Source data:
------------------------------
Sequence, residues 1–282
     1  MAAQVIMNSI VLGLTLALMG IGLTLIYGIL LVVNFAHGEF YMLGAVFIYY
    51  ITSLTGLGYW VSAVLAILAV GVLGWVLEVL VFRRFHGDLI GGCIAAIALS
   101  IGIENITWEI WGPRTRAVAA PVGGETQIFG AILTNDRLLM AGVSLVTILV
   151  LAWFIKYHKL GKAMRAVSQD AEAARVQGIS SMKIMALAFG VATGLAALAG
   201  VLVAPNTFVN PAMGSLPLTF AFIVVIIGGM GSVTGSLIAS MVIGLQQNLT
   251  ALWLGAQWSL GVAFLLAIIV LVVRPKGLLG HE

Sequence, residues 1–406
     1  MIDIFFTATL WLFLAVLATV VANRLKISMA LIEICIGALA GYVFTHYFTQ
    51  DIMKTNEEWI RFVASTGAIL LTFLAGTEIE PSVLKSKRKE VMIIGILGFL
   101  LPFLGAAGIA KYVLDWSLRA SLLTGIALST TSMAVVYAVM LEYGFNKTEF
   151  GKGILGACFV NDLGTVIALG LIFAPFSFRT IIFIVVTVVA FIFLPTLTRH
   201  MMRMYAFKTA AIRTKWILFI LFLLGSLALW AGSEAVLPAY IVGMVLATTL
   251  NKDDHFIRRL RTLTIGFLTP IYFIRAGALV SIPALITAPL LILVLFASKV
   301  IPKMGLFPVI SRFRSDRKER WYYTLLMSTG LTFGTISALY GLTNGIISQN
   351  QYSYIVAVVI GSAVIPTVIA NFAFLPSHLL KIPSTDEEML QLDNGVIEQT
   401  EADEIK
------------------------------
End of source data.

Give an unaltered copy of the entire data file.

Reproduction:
Sequence, residues 1–282
     1  MAAQVIMNSI VLGLTLALMG IGLTLIYGIL LVVNFAHGEF YMLGAVFIYY
    51  ITSLTGLGYW VSAVLAILAV GVLGWVLEVL VFRRFHGDLI GGCIAAIALS
   101  IGIENITWEI WGPRTRAVAA PVGGETQIFG AILTNDRLLM AGVSLVTILV
   151  LAWFIKYHKL GKAMRAVSQD AEAARVQGIS SMKIMALAFG VATGLAALAG
   201  VLVAPNTFVN PAMGSLPLTF AFIVVIIGGM GSVTGSLIAS MVIGLQQNLT
   251  ALWLGAQWSL GVAFLLAIIV LVVRPKGLLG HE

Sequence, residues 1–406
     1  MIDIFFTATL WLFLAVLATV VANRLKISMA LIEICIGALA GYVFTHYFTQ
    51  DIMKTNEEWI RFVASTGAIL LTFLAGTEIE PSVLKSKRKE VMIIGILGFL
   101  LPFLGAAGIA KYVLDWSLRA SLLTGIALST TSMAVVYAVM LEYGFNKTEF
   151  GKGILGACFV NDLGTVIALG LIFAPFSFRT IIFIVVTVVA FIFLPTLTRH
   201  MMRMYAFKTA AIRTKWILFI LFLLGSLALW AGSEAVLPAY IVGMVLATTL
   251  NKDDHFIRRL RTLTIGFLTP IYFIRAGALV SIPALITAPL LILVLFASKV
   301  IPKMGLFPVI SRFRSDRKER WYYTLLMSTG LTFGTISALY GLTNGIISQN
   351  QYSYIVAVVI GSAVIPTVIA NFAFLPSHLL KIPSTDEEML QLDNGVIEQT
   401  EADEIK